HARARE: President Robert Mugabe won a landslide victory in Zimbabwe’s disputed election, officials results showed on Saturday (Sunday in Manila), as opponents vowed to challenge the poll which the United States (US) said was not “credible.”
Mugabe, 89, appeared poised to extend his 33-year rule with a seventh term in office after trouncing his long-standing political rival, Morgan Tsvangirai, in Wednesday’s election.
Official results showed Mugabe won 61 percent of the presidential vote and a super-majority in parliament, routing Tsvangirai who trailed heavily with 34 percent.
But 61-year-old Tsvangirai, who has unsuccessfully tried to unseat Mugabe three times, condemned the vote as “fraudulent and stolen.”
US Secretary of State John Kerry meanwhile issued a statement describing the election as “deeply flawed.”
“The United States does not believe that the results announced today represent a credible expression of the will of the Zimbabwean people,” Kerry said.
Tsvangirai vowed to challenge the result in court and said his Movement for Democratic Change (MDC) would boycott government institutions.
“We will not join government,” he said. “We will go to court.”
“The fraudulent and stolen election has plunged Zimbabwe into a constitutional, political and economic crisis.”
Tsvangirai defended the MDC’s decision to enter into an uneasy power-sharing government with Mugabe, who has had him arrested, beaten and charged with treason.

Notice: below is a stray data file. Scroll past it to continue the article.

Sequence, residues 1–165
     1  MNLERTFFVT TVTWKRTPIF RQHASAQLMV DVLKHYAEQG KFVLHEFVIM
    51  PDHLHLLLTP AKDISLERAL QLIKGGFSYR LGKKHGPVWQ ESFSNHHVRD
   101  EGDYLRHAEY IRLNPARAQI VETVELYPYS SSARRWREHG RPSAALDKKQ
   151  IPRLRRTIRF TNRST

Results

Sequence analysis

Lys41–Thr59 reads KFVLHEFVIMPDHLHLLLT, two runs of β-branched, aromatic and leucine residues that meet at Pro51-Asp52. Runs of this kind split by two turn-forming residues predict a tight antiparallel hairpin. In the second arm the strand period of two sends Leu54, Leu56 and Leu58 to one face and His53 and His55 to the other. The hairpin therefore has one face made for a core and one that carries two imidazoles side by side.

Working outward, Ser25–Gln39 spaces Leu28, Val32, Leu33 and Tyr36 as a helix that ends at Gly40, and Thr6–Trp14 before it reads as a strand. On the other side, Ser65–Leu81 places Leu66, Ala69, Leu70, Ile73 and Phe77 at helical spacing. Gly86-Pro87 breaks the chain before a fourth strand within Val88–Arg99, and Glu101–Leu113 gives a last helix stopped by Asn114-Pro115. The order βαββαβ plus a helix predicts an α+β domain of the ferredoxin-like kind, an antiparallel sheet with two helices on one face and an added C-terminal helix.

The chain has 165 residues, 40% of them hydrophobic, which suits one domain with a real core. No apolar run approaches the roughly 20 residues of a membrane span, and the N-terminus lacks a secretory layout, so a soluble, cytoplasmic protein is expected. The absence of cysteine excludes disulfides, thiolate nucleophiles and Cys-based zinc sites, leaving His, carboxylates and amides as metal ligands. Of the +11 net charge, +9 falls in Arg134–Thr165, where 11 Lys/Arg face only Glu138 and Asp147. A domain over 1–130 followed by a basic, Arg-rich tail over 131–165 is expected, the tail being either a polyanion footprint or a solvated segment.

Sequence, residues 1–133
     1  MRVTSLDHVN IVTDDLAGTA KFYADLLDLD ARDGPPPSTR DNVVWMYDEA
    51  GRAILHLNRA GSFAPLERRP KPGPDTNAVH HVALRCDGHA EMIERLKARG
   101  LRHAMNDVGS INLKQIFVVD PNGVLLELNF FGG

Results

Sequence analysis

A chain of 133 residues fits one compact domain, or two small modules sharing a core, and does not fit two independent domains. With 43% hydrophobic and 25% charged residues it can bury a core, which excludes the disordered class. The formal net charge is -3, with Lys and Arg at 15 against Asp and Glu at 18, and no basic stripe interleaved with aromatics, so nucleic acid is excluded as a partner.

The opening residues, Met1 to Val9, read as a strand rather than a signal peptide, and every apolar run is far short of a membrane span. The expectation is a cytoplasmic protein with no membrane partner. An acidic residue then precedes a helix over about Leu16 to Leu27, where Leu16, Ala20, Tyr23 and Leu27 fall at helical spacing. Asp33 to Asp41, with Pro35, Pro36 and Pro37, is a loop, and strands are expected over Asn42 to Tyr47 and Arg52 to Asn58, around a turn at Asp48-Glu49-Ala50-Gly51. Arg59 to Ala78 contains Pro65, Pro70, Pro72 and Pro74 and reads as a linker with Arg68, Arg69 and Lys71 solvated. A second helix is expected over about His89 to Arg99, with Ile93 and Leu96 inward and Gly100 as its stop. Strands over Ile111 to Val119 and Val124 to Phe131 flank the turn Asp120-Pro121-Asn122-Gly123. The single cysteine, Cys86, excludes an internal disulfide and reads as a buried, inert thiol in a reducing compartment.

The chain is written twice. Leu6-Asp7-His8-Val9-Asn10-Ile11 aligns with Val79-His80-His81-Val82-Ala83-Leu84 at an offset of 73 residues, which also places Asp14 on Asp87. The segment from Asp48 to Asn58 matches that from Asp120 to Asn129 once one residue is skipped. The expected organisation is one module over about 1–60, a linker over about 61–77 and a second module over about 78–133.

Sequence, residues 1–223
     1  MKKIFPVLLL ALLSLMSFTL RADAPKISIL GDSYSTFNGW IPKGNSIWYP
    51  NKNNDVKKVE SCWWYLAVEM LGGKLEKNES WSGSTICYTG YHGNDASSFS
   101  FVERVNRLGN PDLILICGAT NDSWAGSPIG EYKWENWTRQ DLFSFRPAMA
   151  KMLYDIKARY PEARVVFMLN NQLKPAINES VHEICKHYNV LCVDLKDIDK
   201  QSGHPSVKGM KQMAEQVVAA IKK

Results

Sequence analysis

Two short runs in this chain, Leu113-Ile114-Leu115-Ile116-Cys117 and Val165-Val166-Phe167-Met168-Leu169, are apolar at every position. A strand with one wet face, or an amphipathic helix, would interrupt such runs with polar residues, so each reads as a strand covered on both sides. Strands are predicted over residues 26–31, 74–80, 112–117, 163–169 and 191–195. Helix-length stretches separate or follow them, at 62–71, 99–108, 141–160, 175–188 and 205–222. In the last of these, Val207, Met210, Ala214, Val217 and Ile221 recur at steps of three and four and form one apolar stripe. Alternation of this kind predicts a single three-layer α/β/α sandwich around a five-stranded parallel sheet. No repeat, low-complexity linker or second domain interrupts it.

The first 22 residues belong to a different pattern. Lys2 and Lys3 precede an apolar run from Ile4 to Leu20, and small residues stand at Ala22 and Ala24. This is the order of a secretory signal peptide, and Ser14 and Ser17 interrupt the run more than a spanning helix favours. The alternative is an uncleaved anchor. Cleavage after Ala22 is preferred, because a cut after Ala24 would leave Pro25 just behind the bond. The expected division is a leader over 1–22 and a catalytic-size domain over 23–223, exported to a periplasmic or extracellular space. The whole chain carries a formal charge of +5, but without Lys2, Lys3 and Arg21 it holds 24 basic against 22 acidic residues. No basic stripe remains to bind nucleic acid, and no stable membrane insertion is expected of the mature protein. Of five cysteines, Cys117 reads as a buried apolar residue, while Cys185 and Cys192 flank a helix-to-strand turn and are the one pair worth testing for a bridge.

“Our participation rescued this country. Schools had closed, hospitals had closed. We were using the Zimbabwe dollar which was worthless, there were no goods in the shops, everyone was desperate,” he said.
But furious at the alleged scale of rigging this time round, Tsvangirai said the days of cohabitation were over.
The MDC now has until Wednesday to present evidence of fraud to the high court, but finding a smoking gun may prove difficult.
Tsvangirai said he would submit a dossier of “all irregularities and all the illegalities” to the influential 15-member Southern African Development Community (SADC) and called for an urgent summit.
Kerry said there had been irregularities in the provision and composition of the voters roll, adding: “The parties had unequal access to state media. The security sector did not safeguard the electoral process on an even-handed basis.”
British Foreign Secretary William Hague added his own “grave concerns” over the conduct of the vote in the former colony.
The European Union, which had been moving toward easing long-standing sanctions, expressed concern about “incomplete participation, as well as the identified weaknesses in the electoral process and a lack of transparency.”
But Emmerson Mnangagwa, defense minister and a key Mugabe lieutenant, hit back at these accusations and argued the result was a game-changer.
“The West will now have to climb down, they must find a ladder and climb down . . . A democratic election has taken place in Zimbabwe,” he said.
Zimbabwe’s neighbors have given the vote qualified approval.
The SADC, which engineered the power-sharing government, said it was “free and peaceful.”